Anthony Broadwater To Receive $5.5M Over Wrongful Rape Conviction in Alice Sebold Case

Anthony Broadwater To Receive $5.5M Over Wrongful Rape Conviction in Alice Sebold Case

Redemption has come in the form of several million dollars for a man imprisoned for a crime he did not commit.

According to The New York Post, a man who spent 16 years in prison after being wrongly convicted of raping writer Alice Sebold in 1981 has settled a lawsuit with New York State. Anthony Broadwater, now 62, will be given $5.5 million after settling the decades-old lawsuit against New York.

Broadwater’s conviction for raping Sebold was overturned in 2021.

The State of New York agreed to compensate Broadwater after he was exonerated for the rape of the award-winning novelist, who was attending Syracuse University in 1981. The wrongly convicted Broadwater sued the state for damages after having his conviction overturned by a judge in November 2021.

That was nearly 22 years after he was released from prison in 1999.

Broadwater’s attorney, Melissa Swartz, spoke to The New York Post Monday and said that all that is needed is the signature from Judge Ramon Rivera. Swartz anticipates Rivera will sign the paperwork to seal the agreement between both parties.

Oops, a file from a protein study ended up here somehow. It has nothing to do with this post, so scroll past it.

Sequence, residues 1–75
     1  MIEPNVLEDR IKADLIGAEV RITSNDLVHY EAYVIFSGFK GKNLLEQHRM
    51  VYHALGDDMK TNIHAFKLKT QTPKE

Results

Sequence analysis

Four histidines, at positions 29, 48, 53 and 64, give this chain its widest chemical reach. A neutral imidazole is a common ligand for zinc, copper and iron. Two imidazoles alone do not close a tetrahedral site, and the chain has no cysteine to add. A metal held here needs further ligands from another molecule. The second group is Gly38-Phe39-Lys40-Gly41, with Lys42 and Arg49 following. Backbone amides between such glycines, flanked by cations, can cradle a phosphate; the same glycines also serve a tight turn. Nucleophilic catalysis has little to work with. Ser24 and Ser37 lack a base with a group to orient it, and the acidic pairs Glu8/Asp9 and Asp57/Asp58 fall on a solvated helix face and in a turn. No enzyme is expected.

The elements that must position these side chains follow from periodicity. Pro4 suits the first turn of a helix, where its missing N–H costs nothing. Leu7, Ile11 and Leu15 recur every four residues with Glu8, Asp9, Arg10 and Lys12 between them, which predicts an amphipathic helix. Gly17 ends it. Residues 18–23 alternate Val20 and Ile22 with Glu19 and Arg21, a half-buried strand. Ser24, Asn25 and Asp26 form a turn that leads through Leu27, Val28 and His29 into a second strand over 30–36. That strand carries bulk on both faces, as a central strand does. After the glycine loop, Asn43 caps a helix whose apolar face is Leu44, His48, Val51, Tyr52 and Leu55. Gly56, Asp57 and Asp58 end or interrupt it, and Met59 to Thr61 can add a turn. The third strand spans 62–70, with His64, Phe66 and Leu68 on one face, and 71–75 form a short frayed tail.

“Tony is grateful to the state of New York for swiftly resolving this matter,” Swartz said.

“I appreciate what Attorney General [Letitia] James has done and I hope and pray that others in my situation can receive the same measure of justice,” Broadwater said in a statement through a lawyer. “We all suffer from destroyed lives.”

Sebold who was a freshman at Syracuse University when the incident took place, told police that Broadwater reminded her of her attacker after seeing him in the street five months after she was assaulted, Complex reported. She later failed to point him out in a lineup but testified in court that he was the man who had forced himself on her.

Sebold apologized late last year in a statement posted on Medium, Sebold said as a “traumatized 18-year-old rape victim” she put her faith in the legal system and her goal wasn’t to ruin a young innocent man’s life.

“My goal in 1982 was justice–not to perpetuate injustice and certainly not to forever, and irreparably, alter a young man’s life by the very crime that had altered mine,” Sebold wrote. “I am grateful that Mr. Broadwater has finally been vindicated, but the fact remains that 40 years ago, he became another young Black man brutalized by our flawed legal system. I will forever be sorry for what was done to him.”